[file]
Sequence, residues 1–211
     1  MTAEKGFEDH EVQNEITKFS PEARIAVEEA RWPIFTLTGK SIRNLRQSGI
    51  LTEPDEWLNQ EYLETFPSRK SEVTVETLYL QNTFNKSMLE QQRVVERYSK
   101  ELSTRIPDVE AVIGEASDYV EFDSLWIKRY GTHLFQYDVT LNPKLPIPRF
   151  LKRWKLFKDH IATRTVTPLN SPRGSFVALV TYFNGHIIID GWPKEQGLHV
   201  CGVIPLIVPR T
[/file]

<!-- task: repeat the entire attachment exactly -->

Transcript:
Sequence, residues 1–211
     1  MTAEKGFEDH EVQNEITKFS PEARIAVEEA RWPIFTLTGK SIRNLRQSGI
    51  LTEPDEWLNQ EYLETFPSRK SEVTVETLYL QNTFNKSMLE QQRVVERYSK
   101  ELSTRIPDVE AVIGEASDYV EFDSLWIKRY GTHLFQYDVT LNPKLPIPRF
   151  LKRWKLFKDH IATRTVTPLN SPRGSFVALV TYFNGHIIID GWPKEQGLHV
   201  CGVIPLIVPR T